19 October 2016
By the mid-1930s, gray wolves had been exterminated across most of the lower 48 states. In the following decades, Mexican gray wolves and red wolves also disappeared from the wild.
Thankfully, that wasn’t the end of the story. A captive breeding program and reintroduction rescued red wolves from their brush with extinction, paving the way for similar efforts with other wolves. The reintroduction of gray wolves to Yellowstone National Park in the 1990s marked for many the true return of wolves to the West.
We’ve come a long way since then. Decades of work from state and federal agencies, and our own organization as well as countless others, have helped wolves rebound. In that time, we have seen reactions to wolves run the full gamut between loathing and reverence. We’ve seen states’ aggressive attempts to drive wolf numbers down, and privately-run “wolf derbies” designed to kill as many as possible. But we’ve also seen wolves return to habitats where they haven’t set foot in decades. We’ve seen communities learn to adapt to life in wolf country, and formed groundbreaking collaborations with livestock producers that keep wolves on the ground safe.
We’re proud of the work that’s behind us – but also know that this work is never done. We want to see wolves thriving in healthy habitats across North America, fulfilling their crucial role as top predators, maintaining the health of wildland ecosystems, and valued as an iconic species of wildlife. So what’s next?
Wolves of the Rockies – Colorado Here We Come!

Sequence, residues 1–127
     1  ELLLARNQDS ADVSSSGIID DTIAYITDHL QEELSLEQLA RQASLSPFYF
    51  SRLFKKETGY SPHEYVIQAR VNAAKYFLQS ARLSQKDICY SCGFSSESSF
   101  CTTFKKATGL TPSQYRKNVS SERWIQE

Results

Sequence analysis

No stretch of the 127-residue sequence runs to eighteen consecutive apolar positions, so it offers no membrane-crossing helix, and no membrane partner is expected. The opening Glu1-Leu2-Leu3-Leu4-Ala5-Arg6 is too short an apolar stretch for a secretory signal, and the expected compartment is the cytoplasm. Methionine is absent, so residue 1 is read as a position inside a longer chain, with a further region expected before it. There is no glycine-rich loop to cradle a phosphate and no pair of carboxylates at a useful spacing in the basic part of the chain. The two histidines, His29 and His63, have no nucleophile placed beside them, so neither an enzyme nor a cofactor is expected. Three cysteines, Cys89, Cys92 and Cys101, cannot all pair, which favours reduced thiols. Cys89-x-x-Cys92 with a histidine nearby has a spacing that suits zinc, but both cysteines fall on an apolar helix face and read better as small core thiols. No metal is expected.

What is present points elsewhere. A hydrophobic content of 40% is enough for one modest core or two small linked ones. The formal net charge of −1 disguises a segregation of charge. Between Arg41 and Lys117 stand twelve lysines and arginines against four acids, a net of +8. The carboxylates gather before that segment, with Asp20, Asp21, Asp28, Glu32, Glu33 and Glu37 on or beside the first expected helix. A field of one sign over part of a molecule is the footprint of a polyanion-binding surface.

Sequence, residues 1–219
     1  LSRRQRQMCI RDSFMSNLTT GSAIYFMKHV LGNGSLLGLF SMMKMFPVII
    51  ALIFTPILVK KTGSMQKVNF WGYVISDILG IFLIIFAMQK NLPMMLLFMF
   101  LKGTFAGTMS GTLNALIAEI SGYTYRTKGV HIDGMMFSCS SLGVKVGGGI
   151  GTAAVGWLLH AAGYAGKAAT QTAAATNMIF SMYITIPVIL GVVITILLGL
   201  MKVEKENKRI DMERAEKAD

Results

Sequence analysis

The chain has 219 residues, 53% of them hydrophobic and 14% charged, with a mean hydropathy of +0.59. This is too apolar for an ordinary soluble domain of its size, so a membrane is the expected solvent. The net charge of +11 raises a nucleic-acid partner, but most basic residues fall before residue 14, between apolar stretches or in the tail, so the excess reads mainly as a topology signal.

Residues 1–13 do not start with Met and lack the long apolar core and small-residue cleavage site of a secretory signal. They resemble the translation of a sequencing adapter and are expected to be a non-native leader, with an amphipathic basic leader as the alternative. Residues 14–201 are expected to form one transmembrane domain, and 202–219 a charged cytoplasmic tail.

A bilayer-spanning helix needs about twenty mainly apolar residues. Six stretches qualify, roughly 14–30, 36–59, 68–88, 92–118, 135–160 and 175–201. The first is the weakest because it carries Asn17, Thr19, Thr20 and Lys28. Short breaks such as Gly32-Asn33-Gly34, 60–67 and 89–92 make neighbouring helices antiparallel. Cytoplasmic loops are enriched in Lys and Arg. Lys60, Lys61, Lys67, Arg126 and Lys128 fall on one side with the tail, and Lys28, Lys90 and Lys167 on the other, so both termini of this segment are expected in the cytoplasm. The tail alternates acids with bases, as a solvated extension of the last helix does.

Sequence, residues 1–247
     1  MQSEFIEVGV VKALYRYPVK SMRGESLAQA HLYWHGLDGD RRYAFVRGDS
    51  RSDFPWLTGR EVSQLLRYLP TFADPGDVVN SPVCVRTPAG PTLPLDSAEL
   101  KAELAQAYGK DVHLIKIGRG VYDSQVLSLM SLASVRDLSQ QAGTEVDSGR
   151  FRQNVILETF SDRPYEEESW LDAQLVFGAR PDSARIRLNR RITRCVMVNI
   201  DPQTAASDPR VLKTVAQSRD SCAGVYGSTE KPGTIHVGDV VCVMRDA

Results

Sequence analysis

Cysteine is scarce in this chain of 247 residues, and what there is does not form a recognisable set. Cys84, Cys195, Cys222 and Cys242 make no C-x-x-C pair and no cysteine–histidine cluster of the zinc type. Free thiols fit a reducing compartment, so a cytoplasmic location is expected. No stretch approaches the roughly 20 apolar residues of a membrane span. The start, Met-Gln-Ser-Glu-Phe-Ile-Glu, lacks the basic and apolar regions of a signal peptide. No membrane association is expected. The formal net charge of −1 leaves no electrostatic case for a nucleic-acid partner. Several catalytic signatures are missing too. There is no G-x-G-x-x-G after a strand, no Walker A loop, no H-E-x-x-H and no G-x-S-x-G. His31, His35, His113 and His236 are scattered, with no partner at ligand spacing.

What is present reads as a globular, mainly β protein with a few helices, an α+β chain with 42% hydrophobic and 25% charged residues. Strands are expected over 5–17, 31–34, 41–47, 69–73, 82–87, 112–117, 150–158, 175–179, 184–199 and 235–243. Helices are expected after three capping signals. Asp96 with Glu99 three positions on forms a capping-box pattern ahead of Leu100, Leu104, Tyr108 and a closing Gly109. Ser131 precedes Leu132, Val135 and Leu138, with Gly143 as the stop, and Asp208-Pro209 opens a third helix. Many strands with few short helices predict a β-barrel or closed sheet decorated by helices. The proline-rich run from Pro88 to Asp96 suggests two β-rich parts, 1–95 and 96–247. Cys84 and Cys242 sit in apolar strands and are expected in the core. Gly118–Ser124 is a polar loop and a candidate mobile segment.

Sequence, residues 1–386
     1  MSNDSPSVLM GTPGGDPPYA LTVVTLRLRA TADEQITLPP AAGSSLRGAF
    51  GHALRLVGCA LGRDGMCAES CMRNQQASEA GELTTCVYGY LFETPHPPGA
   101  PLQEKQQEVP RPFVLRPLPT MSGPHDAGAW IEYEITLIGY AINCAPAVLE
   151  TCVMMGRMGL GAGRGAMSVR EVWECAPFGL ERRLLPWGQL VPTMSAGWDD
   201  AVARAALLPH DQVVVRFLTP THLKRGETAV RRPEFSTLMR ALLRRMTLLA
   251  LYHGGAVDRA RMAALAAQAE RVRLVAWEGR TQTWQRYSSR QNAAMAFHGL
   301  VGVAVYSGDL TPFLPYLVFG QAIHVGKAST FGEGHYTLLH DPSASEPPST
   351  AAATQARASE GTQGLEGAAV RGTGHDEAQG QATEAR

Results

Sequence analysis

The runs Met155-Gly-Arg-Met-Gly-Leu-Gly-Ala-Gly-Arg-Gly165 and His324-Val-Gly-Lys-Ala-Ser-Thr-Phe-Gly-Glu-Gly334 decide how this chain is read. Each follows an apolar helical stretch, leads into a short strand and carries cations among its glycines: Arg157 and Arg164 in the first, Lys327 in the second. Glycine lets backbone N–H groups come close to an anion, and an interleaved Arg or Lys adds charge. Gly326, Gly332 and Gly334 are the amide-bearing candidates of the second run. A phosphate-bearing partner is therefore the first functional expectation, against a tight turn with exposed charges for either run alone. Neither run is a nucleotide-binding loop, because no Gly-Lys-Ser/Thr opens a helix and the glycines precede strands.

Gray wolves have returned to most of the northern Rockies. Each state manages wolves their own way, and our experts keep a close eye on implementation of and changes to state management plans and practices so that we can take advantage of every opportunity to advocate for wolves. We’re also promoting coexistence with ranchers in the region – encouraging them to use nonlethal methods of keeping wolves away from livestock and saving the lives of wolves.
The southern Rockies are a different story. This region has some of the best wolf habitat in all the lower 48 states. What it doesn’t have is wolves – a fact we hope to change. Our team in Colorado is working to build support for wolves in the region, teaching residents about the value these animals bring to the landscape, and reaching out to state wildlife officials to develop new policies that would make it safer for wolves to return to the state. We’ll also be working with ranchers to help them understand the nonlethal options they would have to prevent conflict with their livestock, so that they can also be among our allies as wolves begin to return.
Restoring wolves to the southern Rockies would be an incredible achievement. It would mean that wolves – a top predator incredibly valuable to native ecosystems – have been restored along the entire spine of the continent, from the Arctic all the way down to Mexico. That’s the long-term vision for wolves that we hope to achieve. We know it won’t happen quickly, but we’re up to the challenge.
West Coast Wolves – Focus on Coexistence
In Washington, Oregon and California, wolves are still returning.
Washington (which currently holds about 90 wolves) and Oregon (about 110 wolves), are both in the process of learning how to manage both wolves and livestock on the landscape. We’re glad to be a part of this process, pushing for use of the nonlethal methods of avoiding conflict that we have seen work so well in other states. Happily, this is making a big difference for wolves on the ground. The states’ policies are evolving to better protect wolves, and in Washington in particular, the number of livestock producers using nonlethal tools instead of calling for wolves to be removed has more than tripled over the past few years.